Taking inspiration from psychedelia, Super Mario Wonder is a game that leans heavily into the idea that literally anything can happen when collecting a Wonder Flower. Music levels featuring various singing enemies, genre-jumping to a top-down exploration game, and stampedes of enemies trying to crush you under foot are all possibilities. A true return to form for the innovation that the Super Mario Bros. series is known for, Wonder truly lives up to its name.

Sonic Frontiers

Sonic the Hedgehog, as a series, has been through many reinventions through its inception in 1991. Making a transition from 2D to 3D and changing gameplay style several times over, Sonic Frontiers is the latest of these reinventions. And this does not feel forced or unnecessary as some transitions in the past have, rather a natural progression of Sonic’s established formula.

The open world setting, combined with Sonic’s vast skill-tree, the fluidity of the controls, and variety of puzzles and challenges scattered throughout makes for a great playground. Combat is engaging, the standard levels featured throughout are suitably challenging, and for the first time in years, the story and writing are a return to form. If one is considering returning to the Sonic franchise, Sonic Frontiers is the game to do it.


Albums to Play This November

Music Editor Hannah Gadd

Dance Fever by Florence + The Machine 

Dance Fever is the fifth studio album by Florence + The Machine and is the perfect record to turn to during the colder months. Rich with oversized acoustics, dramatic drums and soft piano parts, Dance Fever feels like a fourteen-track fairytale. Florence Welch sounds as angelic as ever on this album as she delivers her poetic lyricism. The album has an enchanting quality which very few can achieve, sounding hauntingly delightful from start to finish. Dance Fever is technically and sonically beautiful, a magnificent addition to Florence + The Machine’s catalogue which will undoubtedly be in my rotation this winter.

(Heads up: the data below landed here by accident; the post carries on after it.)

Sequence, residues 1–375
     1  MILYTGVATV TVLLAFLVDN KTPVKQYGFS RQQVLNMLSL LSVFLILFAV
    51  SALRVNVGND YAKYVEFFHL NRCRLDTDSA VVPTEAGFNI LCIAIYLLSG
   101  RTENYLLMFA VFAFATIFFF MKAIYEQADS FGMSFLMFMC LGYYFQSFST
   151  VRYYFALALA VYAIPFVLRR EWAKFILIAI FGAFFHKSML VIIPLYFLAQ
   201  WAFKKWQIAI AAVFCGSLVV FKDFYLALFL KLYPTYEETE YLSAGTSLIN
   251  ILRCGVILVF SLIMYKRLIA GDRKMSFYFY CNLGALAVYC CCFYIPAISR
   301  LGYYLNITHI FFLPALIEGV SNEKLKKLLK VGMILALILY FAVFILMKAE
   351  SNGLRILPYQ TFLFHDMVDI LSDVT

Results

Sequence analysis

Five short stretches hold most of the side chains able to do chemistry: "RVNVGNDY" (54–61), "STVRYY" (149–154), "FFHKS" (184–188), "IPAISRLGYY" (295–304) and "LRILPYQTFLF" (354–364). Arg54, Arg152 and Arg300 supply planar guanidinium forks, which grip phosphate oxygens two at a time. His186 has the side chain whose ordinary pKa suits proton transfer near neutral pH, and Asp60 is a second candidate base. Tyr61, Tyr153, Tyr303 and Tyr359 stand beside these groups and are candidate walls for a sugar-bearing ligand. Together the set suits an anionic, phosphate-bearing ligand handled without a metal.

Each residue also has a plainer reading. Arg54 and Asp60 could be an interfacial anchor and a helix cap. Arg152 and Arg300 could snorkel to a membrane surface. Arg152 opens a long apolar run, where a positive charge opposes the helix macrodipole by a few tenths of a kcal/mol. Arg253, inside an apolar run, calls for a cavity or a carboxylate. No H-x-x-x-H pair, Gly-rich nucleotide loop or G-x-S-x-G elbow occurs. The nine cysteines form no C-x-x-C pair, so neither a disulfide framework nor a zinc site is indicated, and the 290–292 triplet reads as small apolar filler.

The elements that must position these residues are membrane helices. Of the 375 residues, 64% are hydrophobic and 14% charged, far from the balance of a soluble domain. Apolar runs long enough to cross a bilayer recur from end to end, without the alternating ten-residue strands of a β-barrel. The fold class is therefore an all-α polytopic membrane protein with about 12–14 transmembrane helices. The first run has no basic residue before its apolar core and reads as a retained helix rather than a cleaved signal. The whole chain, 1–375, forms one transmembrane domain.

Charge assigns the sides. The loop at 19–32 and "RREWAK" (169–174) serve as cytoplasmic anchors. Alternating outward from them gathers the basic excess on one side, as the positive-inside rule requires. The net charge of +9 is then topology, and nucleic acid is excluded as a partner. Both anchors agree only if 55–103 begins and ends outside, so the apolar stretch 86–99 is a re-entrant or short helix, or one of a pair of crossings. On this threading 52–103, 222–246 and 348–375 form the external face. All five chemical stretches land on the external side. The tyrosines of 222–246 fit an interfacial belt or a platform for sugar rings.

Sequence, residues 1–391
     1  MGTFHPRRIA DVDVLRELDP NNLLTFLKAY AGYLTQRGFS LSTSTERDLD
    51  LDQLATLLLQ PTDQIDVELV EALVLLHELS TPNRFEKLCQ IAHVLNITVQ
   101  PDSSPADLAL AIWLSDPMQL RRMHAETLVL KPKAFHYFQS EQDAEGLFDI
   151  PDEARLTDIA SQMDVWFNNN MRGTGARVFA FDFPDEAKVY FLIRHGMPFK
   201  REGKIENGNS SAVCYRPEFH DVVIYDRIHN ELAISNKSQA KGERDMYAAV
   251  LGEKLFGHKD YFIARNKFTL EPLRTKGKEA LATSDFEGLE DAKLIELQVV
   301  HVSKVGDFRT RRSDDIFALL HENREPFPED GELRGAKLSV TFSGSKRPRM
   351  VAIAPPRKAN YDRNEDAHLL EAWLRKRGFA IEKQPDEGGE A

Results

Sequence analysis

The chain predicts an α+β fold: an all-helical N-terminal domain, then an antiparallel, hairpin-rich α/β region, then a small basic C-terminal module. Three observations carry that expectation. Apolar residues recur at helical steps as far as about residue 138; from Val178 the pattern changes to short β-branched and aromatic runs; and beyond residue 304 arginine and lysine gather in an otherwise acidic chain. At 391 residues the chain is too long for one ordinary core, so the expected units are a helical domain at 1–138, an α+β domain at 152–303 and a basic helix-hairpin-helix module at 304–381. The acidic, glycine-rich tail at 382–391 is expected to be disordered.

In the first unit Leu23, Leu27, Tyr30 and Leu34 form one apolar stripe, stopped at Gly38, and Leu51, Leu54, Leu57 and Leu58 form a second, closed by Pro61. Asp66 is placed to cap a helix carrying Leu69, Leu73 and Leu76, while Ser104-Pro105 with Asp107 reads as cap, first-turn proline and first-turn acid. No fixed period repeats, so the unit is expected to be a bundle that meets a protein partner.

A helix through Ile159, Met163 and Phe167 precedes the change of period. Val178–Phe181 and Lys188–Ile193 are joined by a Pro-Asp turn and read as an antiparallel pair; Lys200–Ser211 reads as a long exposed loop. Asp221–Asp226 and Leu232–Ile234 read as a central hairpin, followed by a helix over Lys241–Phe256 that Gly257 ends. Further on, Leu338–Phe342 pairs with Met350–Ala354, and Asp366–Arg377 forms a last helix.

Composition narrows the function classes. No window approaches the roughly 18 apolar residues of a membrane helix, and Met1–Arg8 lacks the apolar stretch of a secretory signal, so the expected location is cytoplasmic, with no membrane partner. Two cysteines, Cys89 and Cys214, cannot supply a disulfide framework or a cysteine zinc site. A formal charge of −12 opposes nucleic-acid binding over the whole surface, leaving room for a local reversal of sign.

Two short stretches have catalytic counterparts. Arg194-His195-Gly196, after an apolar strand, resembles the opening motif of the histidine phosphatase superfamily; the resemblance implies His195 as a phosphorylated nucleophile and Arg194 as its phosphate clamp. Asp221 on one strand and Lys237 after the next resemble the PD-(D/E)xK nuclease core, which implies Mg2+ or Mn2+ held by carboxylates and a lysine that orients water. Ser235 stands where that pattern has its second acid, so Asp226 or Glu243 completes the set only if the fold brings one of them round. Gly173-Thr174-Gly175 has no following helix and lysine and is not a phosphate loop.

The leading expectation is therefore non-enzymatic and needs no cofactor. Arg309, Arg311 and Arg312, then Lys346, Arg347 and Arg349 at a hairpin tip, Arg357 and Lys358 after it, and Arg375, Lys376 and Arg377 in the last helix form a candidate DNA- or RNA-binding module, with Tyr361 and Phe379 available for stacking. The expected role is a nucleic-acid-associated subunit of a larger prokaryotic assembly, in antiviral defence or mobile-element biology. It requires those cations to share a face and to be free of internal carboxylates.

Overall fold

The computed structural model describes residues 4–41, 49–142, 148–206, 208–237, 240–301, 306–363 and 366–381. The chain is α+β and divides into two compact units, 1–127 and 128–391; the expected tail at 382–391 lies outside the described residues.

Music Editor Devin Birse

Serfs Up – Fat White Family

Serfs Up is about as haunted and twisted as pop music can get. Aching, misanthropic and gorgeous in equal measures. Serfs Up spends the majority of its fourty four-minute run resharpening The Fat White’s razor wit, till the ten tracks of ghostly synths, motorik drums, and scintillating funk grooves, become the perfect vessel to deliver lead singer Lias Saudis creeping seductive vocals and twisted inflammatory lyrics. Wether it’s the glam nightmare of ‘Tastes Good with The Money’ or the Morricone inspired slow burner ‘When I Leave’ The Fat White Family sound fresher and more scintillating than ever.

Key Tracks : ‘Feet’, ‘Fringe Runner’, ‘Tastes Good With The Money’

Music Editor Isabelle Porter

Good Riddance – Gracie Abrams

Released earlier this year, Gracie Abrams’s debut album, Good Riddance, is a delicate rumination on the missed connections, internal conflict, and growing pains of your early 20s. The record was written in collaboration with The National member and producer Aaron Dessner. A notable track on the album is the closing song, ‘Right now’, which was co-written by Abrams and Dessner with Brian Eno. The nearly six-minute-long track weaves together wisps of diaristic imagery in a particularly stunning way. Good Riddance is a tender and sparse work, perfect for the cooler months.

Key tracks: ‘I know it won’t work’, Where do we go now?’, ‘Amelie’

For more Editor’s Picks, check out this list from October 2023:

Editor’s Picks: What to Watch and Play This October